The discovery of the first electromagnetic counterpart to a gravitational wave signal has generated follow-up observations by over 50 facilities world-wide, ushering in the new era of multi-messenger astronomy. In this paper, we present follow-up observations of the gravitational wave event GW170817 and its electromagnetic counterpart SSS17a/DLT17ck (IAU label AT2017gfo) by 14 Australian telescopes and partner observatories as part of Australian-based and Australian-led research programs. We report early- to late-time multi-wavelength observations, including optical imaging and spectroscopy, mid-infrared imaging, radio imaging, and searches for fast radio bursts. Our optical spectra reveal that the transient source emission cooled from approximately 6 400 K to 2 100 K over a 7-d period and produced no significant optical emission lines. The spectral profiles, cooling rate, and photometric light curves are consistent with the expected outburst and subsequent processes of a binary neutron star merger. Star formation in the host galaxy probably ceased at least a Gyr ago, although there is evidence for a galaxy merger. Binary pulsars with short (100 Myr) decay times are therefore unlikely progenitors, but pulsars like PSR B1534+12 with its 2.7 Gyr coalescence time could produce such a merger. The displacement (~2.2 kpc) of the binary star system from the centre of the main galaxy is not unusual for stars in the host galaxy or stars originating in the merging galaxy, and therefore any constraints on the kick velocity imparted to the progenitor are poor.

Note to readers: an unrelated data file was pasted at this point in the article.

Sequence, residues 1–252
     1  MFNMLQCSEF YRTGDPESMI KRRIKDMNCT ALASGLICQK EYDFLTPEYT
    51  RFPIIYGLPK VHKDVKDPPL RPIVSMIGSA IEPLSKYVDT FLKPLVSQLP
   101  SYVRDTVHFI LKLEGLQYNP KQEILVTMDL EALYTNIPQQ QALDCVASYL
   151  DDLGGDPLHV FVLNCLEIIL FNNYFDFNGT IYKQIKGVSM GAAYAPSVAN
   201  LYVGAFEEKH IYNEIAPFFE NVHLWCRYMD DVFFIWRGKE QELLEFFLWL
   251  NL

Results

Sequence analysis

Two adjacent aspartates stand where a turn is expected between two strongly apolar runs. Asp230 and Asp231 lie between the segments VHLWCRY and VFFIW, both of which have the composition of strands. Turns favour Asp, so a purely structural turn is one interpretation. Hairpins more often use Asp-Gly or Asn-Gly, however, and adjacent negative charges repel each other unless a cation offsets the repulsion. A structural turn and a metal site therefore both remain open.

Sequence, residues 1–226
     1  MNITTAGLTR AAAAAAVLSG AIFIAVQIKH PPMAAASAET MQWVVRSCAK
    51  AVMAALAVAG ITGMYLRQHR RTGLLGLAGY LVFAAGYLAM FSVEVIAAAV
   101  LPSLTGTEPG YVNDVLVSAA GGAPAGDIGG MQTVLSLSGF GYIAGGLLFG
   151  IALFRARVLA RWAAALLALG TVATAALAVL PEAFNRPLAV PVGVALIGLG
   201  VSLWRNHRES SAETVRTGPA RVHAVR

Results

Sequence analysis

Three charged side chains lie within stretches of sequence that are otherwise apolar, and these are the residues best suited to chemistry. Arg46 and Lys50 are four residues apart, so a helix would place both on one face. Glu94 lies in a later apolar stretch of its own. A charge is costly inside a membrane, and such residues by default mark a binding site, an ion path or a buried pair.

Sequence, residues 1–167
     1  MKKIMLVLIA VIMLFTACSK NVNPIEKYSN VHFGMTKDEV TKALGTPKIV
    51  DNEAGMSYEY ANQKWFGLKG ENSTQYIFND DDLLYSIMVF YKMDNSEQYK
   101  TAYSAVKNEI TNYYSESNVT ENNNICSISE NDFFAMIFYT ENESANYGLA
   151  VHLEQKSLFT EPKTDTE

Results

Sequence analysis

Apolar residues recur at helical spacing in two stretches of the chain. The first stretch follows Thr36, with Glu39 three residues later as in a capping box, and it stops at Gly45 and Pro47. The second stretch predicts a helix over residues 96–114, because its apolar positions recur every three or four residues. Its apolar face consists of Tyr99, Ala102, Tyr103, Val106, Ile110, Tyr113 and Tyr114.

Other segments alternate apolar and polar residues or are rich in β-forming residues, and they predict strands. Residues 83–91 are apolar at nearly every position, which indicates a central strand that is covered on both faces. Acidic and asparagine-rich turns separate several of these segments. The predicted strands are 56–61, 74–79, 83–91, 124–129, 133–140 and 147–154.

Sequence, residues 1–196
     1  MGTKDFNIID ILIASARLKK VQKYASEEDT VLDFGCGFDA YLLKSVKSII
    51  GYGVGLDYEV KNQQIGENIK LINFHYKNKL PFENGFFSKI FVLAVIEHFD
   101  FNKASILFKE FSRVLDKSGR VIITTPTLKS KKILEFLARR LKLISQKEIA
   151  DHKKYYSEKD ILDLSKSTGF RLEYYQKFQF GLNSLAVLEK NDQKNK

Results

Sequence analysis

We tested the hypotheses that supplementation of a diet with elemental Mg increases ruminal dissolved H2 (dH2) in rumen fluid, which in turn alters rumen fermentation and microbial community in goats. In a randomised block design, twenty growing goats were allocated to two treatments fed the same basal diet with 1·45 % Mg(OH)2 or 0·6 % elemental Mg. After 28 d of adaptation, we collected total faeces to measure total tract digestibility, rumen contents to analyse fermentation end products and microbial groups, and measured methane (CH4) emission using respiration chambers. Ruminal Mg2+ concentration was similar in both treatments. Elemental Mg supplementation increased dH2 at 2·5 h post morning feeding (+180 %, P<0·001). Elemental Mg supplementation decreased total volatile fatty acid concentration (−8·6 %, P<0·001), the acetate:propionate ratio (−11·8 %, P<0·03) and fungal copy numbers (−63·6 %, P=0·006), and increased propionate molar percentage (+11·6 %, P<0·001), methanogen copy numbers (+47·9 %, P<0·001), dissolved CH4 (+35·6 %, P<0·001) and CH4 emissions (+11·7 %, P=0·03), compared with Mg(OH)2 supplementation. The bacterial community composition in both treatments was overall similar. Ruminal dH2 was negatively correlated with acetate molar percentage and fungal copy numbers (P<0·05), and positively correlated with propionate molar percentage and methanogen copy numbers (P<0·05). In summary, elemental Mg supplementation increased ruminal dH2 concentration, which inhibited rumen fermentation, enhanced methanogenesis and seemed to shift fermentation pathways from acetate to propionate, and altered microbiota by decreasing fungi and increasing methanogens.